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worst thing in the world. they are complaining about him is using air force one, but he signed a treaty while he was there. why don't these people stop complaining and be grateful that the troops that he congratulated are saving the country, and they are complaining? now they say mitt romney would make a great president, he will balance the budget. he has a quarter of a billion dollars hiding in other countries and he can brag about that? host: thanks for the call. one of our viewers saying -- a couple of political notes. speculation continuing on a vice-presidential running mate for mr. romney. the front page of the "richmond times-dispatch." 1 mention was virginia governor
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bob mcdonnell -- also mentioned, and jeb bush, chris christie, bobby jindal, tim pawlenty, rob portman, condoleezza rice, marco rubio, and paul ryan. it governor mcdonnell campaigning in portsmouth, virginia fought. also inside "usa today" is a piece with perspective from bob beckel looking at potential when inmates for mitt romney. a look ahead at the democratic convention which will take place in charlotte, north carolina. this is a story inside "the wall street journal." democrats are struggling to raise money for the national convention in part because they barred corporations and lobbyists from contributing.
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and a veteran of capitol hill, one of the longest serving members of congress ever and serving the longest of the house of representatives announcing he is running for a 29th full term. of course, that is john dingell, democrat from michigan, longest serving member in the house. that story inside the electionline from "usa today." blackwell, oklahoma. america's influence in the world. what is it, jason? jason, are you with us? we will try one more time. let's go to marion in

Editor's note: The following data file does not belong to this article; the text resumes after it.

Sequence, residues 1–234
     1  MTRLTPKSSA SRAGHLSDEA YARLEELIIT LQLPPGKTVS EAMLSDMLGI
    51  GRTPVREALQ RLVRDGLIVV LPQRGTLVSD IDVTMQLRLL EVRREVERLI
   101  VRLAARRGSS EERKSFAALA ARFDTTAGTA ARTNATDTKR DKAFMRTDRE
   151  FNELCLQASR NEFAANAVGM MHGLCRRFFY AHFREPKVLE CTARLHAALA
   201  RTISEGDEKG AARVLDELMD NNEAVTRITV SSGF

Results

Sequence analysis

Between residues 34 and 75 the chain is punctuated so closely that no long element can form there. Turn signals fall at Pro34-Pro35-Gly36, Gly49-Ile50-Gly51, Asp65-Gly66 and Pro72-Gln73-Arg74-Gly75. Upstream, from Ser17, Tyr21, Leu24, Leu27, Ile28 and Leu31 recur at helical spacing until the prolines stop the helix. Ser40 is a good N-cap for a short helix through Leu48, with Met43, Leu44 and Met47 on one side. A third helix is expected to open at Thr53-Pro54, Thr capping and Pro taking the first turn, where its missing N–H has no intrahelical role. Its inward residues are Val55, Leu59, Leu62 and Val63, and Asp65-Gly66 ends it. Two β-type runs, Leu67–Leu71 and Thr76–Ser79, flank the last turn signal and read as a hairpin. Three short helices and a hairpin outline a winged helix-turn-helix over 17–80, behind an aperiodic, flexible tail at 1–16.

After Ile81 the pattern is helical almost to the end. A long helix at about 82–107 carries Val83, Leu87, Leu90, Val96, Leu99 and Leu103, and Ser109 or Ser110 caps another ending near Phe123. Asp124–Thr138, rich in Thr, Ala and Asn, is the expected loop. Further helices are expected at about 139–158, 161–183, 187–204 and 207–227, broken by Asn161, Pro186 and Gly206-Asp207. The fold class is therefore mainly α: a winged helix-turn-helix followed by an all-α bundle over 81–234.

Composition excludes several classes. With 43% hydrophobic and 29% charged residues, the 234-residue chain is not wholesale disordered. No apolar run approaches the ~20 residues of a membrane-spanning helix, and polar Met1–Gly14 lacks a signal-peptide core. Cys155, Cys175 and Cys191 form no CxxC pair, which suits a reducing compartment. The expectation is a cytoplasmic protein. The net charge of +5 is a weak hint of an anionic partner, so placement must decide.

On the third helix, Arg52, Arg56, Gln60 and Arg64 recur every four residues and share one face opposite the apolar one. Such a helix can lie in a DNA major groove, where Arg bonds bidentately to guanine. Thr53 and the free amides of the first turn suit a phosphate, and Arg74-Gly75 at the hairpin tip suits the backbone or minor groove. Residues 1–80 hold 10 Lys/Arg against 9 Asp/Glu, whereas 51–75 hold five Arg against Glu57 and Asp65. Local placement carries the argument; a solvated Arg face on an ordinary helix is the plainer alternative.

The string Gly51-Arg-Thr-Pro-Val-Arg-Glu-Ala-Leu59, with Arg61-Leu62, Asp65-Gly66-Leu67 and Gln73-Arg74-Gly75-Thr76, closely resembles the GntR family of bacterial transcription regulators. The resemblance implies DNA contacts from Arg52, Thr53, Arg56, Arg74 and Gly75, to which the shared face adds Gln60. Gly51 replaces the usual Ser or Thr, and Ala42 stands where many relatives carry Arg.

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charleston, south carolina. caller: good morning to you. i think our influence is real good in the world. the problem is, you know, it is just back home that we are our worst enemies. the president went over to afghanistan to congratulate the troops and celebrate killing bin laden, who came over here and tell all of our people and we are sitting around here trying to find fault with our president. how do you think the rest of the world -- that is why these guys -- it seems like we don't even like ourselves. we do something real positive and we turn around and make a negative into it. like fox news, for example, they can make jesus looks -- look bad -- and you think the rest of the world is not watching. that president from iran, every time he comes here he talks about the same news fox news of
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talking about because the cartooning in. i like the drones -- i am a vietnam vet, i have three sons, one was blown up in a humvee -- he is doing much better now, thank the lord. all ofon't believe in that walking through and getting blown up by these mines and all that. we've got drones. let's do it in a more sophisticated manner. they don't like that. we spend all this money building this -- and then they blow it up. come on. host: thanks for the call. one of our followers did say -- and other political note -- we showed the speech earlier on c- span and it is on our website, the departure of newt gingrich begin official with his remarks in the virginia.
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in the headline in "the washington times." valid to stay involved in america's critical conversation, newt gingrich closing the curtain on his up and down presidential bid. next is stephen from gainesville, florida. caller: before i answer your question, i think it is hilarious, these people calling from the left and right one to talk about barack obama or mitt romney when the question has nothing to do with them. it has to do with our influence in the world. and so, i believe look -- feel it is waning and the reason is i am a realist. the world does not forgive we caused the economic meltdown. the world does not forget that we trekked the u.k. and other countries into going to work under false premises. and the world doesn't -- i mean, the world does not pay attention